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The Most Common Boundary Condition in a CFD Analysis

Figure 1. A representative internal flow domain for CFD consulting
July 31, 2015 By: Hsin-Hua Tsuei

Mathematically, The Navier-Stokes equation is a boundary value problem.  In a CFD analysis, we need to assign many boundary conditions to “define” how the system operates.  Out of many boundary condition types (inlet, outlet, wall, symmetry, etc.), a wall boundary condition is without a doubt the most commonly used boundary condition in a CFD analysis.  Why, you ask?

For external flow analysis, the wall boundary condition represents the intrusive object’s surface in the middle of the flow domain. For example, analysis of flow over an airplane, a car, etc., may require hundreds, if not thousands of surfaces, to define the complex shape and curvature of the object of interest. Each surface requires a wall boundary condition associated with it. 

Internal flow analysis is often performed on complex flow passages in a system. The flow domain is the volume and gaps among solid objects. The internal flow domain is therefore comprised of many oddly shaped flow regions.  The external boundaries of these regions are walls, which include hundreds of surfaces. As shown in Figure 1, the internal flow domain of interest has 1 inlet, 1 outlet, and 201 external walls.  Compared to inlet or exit boundary condition used (like one inlet and one outlet for internal flow), the wall boundary conditions certainly outnumber the rest by a large margin.

When it is required to assign several hundreds of wall boundary conditions for each CFD analysis, it becomes a time-consuming process and is prone to human error.  Because of this reason, most commercially available CFD solvers, such as ANSYS Fluent and CFX, have made the wall boundary condition the default boundary condition. This means all boundary surfaces are assigned as a wall unless it’s been changed to another condition (inlet, exit, etc.). The default wall boundary condition feature saves the user a lot of time, and has made the CFD model development process more efficient. By the way, the default wall boundary condition really means a viscous no-slip wall, because most real world engineering applications deal with viscous flows. If you are interested in analyzing an inviscid flow (which is more likely used in academia when developing a new numerical algorithm for the non-linear convective terms in the Navier-Stokes equation), make sure to check, or modify the default wall boundary condition to apply a slip wall situation instead of using the default no-slip condition.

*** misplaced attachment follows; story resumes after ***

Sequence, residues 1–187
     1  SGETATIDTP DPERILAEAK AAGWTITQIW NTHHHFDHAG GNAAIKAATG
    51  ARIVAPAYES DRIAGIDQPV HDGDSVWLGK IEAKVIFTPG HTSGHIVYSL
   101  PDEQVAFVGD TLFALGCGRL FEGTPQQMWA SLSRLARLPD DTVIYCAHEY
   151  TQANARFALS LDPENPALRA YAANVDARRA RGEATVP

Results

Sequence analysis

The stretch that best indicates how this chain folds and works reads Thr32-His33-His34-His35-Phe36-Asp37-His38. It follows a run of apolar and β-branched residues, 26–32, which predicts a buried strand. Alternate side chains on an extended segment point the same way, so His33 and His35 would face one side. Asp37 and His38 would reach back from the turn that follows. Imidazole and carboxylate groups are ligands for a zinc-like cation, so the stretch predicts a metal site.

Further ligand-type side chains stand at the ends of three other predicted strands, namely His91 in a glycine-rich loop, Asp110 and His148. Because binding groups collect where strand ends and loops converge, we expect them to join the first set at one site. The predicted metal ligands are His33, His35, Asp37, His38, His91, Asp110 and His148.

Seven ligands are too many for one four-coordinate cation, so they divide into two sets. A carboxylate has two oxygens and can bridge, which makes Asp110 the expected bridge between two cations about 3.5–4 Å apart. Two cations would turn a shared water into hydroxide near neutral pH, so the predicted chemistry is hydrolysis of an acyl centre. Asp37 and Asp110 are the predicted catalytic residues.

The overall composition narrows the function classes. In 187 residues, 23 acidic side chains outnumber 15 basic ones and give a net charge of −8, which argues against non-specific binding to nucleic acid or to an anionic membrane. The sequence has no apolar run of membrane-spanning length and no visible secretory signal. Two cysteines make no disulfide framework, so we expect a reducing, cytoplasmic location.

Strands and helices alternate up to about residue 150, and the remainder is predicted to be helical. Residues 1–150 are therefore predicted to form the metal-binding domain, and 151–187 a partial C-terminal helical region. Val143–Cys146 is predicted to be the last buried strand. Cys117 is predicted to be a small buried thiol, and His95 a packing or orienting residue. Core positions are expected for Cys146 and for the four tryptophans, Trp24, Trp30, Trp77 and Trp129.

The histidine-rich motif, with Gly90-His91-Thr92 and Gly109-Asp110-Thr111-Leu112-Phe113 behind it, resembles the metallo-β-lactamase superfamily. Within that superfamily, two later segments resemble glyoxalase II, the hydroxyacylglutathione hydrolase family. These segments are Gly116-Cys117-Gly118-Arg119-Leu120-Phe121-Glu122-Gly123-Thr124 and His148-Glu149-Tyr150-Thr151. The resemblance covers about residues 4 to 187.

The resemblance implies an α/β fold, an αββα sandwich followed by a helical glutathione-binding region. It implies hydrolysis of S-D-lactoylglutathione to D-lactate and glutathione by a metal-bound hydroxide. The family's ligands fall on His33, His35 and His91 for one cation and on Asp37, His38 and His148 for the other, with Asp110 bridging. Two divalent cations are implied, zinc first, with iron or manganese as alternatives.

If the energy equation is a part of the analysis, then the default wall boundary condition is extended to include a zero heat flux condition for heat transfer. This means the default wall is adiabatic, or fully insulated, which does not allow any form of heat in and out from this location.  If a wall boundary condition other than the default no-slip adiabatic wall is required, a specific boundary condition has to be applied to that particular location.  These may include specified wall temperature, wall heat flux, wall heat transfer coefficient, or coupled-wall to represent a fluid-solid interface in a Conjugate Heat Transfer (CHT) analysis.  If radiation is part of the heat transfer, then the default wall boundary will include variables such as emissivity, which is determined by the wall material.  For example, an aluminum wall has a different emissivity than a concrete wall, leading to a different wall temperature distribution. 

Therefore making sure the default wall boundary condition is properly modeled is essential in a CFD model. Any mistake will be amplified (simply because there are so many of them) to render a potentially misleading result.